4) You need to have a good understanding of how chance impacts outcome and you need to account for matchmaking speed (queue times) when determining who to match in order to keep skill variance reasonable. Using the previous scale you shouldn't have a 1250 player facing a 2000 player under any circumstances (other than when both are unrated). It isn't a fair match-up and it doesn't allow you to accurately add/remove points from their ELO.

The way I would set a system up would be to create two modifiers to a base point gain/loss value, one using the expected outcome based on rating variance and one based on a win-rate to total matches value. IE: someone with a 1500 rating who has a 70% win rate that beats a 1600 rated player will gain more points for having a high win rate AND for beating a higher rated player.

Then you just need to ensure that players complete a reasonable sample size of games and you will have the "most efficient" system based on how much chance is involved in the "game" you're implementing the ELO system for. A game with relatively low chance could take as few as a couple dozen games to be accurate, a game with relatively high chance could take hundreds...

PS: for the record, you don't want people of drastically different skill levels playing because it just dilutes the accuracy of the system. Even if you skew it so that matches above a certain variance have very little impact it creates problems because players will either feel unrewarded or overly punished for matches with high variance.

edit: I forgot to address the "already rated" part of your question, but it's pretty straight forward. You match people based on closest skill rating available in the queue, because that's the most even match and the gain/loss of points (assuming similar win-rates) will be the static value. If the players are accurately rated they would maintain the 50% win-rate and neither climb or fall. If they aren't then the more skilled player will win more than lose and their rating will update.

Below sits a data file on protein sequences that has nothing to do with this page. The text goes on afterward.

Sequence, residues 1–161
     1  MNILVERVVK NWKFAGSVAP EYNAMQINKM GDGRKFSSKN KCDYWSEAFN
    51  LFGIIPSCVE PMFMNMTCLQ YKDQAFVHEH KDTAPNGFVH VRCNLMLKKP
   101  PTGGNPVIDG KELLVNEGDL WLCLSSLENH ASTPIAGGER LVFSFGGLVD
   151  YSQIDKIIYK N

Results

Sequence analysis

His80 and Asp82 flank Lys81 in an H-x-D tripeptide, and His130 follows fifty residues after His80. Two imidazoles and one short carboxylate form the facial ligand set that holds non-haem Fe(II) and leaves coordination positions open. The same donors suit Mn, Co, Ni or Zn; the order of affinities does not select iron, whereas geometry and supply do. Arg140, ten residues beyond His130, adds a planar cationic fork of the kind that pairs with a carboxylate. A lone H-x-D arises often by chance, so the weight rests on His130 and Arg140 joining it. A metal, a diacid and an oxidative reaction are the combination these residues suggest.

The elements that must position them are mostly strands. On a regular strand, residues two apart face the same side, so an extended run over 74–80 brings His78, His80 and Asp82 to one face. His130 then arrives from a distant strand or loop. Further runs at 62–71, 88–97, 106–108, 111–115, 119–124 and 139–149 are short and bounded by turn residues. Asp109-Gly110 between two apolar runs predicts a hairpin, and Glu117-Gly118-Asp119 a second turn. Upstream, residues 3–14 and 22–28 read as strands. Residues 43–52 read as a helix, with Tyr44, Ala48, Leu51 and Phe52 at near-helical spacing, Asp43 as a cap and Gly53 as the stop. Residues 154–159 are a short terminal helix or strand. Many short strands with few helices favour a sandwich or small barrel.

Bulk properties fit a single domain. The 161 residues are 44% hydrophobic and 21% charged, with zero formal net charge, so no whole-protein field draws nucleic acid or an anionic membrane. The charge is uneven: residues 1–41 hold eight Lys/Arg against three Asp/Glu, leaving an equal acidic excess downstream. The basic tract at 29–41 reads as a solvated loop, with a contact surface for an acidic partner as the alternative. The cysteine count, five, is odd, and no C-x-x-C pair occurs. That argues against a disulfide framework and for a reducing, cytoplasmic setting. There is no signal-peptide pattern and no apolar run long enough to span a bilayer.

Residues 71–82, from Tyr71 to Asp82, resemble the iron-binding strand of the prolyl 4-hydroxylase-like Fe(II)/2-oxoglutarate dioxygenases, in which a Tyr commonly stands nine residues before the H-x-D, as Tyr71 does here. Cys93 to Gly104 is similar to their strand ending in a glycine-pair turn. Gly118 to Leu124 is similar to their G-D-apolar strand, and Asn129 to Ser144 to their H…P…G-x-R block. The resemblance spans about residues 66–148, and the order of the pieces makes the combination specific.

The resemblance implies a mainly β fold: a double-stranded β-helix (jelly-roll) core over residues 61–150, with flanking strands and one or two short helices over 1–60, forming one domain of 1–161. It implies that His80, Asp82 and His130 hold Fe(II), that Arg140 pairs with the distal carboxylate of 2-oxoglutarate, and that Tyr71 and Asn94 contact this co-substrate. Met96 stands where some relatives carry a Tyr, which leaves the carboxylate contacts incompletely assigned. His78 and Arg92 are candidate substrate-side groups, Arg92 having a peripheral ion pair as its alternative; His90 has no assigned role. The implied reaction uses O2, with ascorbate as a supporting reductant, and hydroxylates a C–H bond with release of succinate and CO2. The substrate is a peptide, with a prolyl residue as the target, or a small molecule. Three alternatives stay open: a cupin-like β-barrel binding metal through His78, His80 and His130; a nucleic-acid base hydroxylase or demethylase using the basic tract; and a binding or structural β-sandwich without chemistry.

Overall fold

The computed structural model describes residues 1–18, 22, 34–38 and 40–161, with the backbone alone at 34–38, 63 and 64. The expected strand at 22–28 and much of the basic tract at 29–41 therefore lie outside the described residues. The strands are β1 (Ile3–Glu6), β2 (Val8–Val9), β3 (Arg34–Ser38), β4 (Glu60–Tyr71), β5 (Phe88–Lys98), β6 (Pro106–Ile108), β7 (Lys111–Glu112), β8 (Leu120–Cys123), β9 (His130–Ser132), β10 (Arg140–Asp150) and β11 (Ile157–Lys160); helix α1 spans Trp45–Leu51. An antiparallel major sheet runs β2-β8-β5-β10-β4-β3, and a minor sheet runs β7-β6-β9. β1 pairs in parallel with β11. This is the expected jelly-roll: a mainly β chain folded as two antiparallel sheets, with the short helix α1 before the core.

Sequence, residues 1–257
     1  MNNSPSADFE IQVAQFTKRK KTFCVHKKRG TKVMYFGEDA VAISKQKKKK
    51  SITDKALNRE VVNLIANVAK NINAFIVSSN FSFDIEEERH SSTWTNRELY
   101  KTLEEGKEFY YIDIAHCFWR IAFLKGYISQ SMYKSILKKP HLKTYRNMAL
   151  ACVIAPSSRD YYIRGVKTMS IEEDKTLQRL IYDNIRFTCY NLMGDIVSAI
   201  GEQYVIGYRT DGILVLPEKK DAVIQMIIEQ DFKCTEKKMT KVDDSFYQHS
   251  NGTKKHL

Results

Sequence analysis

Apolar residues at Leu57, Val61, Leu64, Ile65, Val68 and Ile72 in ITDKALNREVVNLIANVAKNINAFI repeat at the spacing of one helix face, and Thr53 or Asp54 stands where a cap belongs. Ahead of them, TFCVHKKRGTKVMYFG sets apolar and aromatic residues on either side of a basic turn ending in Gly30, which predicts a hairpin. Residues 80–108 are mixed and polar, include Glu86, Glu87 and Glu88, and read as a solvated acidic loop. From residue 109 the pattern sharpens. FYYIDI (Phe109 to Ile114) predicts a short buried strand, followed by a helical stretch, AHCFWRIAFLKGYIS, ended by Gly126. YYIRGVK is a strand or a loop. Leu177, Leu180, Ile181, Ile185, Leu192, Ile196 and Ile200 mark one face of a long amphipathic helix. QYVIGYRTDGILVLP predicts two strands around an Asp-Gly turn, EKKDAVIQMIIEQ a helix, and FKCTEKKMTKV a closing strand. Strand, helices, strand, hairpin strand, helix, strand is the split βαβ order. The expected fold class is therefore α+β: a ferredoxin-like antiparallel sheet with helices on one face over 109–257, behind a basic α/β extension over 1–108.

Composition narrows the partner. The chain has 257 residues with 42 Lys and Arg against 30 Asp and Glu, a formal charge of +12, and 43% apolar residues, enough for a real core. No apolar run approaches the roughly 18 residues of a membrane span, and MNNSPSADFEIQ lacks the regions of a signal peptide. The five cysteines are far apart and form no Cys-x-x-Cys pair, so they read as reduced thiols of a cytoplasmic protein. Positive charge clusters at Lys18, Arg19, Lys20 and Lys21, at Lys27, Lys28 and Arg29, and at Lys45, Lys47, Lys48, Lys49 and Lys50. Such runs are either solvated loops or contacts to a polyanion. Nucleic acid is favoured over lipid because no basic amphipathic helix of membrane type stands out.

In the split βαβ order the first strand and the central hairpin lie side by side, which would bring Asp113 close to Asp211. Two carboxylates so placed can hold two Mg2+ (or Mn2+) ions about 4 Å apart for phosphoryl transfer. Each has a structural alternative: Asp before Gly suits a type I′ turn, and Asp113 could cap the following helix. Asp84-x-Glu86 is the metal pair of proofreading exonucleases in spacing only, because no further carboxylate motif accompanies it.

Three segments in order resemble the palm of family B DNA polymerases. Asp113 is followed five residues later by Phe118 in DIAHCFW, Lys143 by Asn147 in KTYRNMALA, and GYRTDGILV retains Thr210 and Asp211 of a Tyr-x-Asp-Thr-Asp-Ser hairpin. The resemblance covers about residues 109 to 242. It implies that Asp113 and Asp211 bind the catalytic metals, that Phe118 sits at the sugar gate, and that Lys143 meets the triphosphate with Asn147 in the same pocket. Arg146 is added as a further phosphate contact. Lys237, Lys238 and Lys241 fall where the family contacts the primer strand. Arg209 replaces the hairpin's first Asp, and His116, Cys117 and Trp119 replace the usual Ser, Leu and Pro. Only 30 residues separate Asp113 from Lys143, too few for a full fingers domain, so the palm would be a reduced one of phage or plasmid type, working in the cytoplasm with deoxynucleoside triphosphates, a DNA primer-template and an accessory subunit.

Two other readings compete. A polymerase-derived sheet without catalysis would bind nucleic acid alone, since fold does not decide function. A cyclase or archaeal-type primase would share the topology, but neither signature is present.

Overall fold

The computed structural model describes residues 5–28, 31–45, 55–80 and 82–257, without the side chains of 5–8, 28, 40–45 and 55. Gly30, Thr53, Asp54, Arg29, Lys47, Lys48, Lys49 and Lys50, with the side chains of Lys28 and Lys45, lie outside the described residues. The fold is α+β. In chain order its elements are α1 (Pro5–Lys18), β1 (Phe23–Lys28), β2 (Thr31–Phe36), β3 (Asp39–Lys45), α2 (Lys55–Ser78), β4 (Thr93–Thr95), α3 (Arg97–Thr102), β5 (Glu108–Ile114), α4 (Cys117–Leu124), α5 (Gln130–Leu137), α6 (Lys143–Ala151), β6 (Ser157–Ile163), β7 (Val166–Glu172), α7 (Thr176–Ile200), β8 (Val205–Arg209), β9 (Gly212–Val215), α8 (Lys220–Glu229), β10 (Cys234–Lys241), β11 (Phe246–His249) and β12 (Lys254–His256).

Introducing a new player is even simpler, they start at the baseline and get matched against players of that skill (with the increased gain/loss) until their placements are completed. So let's assume the normal point gain/loss per match is 15 without any modifier, here's an example new player placements and rating (with double gain/loss):

  • Initial: 0-0 (1250) - faces 1250 opponent
  • Loss: 0-1 (1220) - faces 1220 opponent
  • Loss: 0-2 (1190) - faces 1190 opponent
  • Win: 1-2 (1220) - faces 1220 opponent
  • Win: 2-2 (1250) - faces 1250 opponent
  • Win: 3-2 (1280) - faces 1280 opponent
  • Win: 4-2 (1310) - faces 1310 opponent
  • Loss: 4-3 (1280) - faces 1280 opponent
  • Win: 5-3 (1310) - faces 1310 opponent
  • Win: 6-3 (1340) - faces 1340 opponent
  • Win: 7-3 (1370)
  • final rating: 1370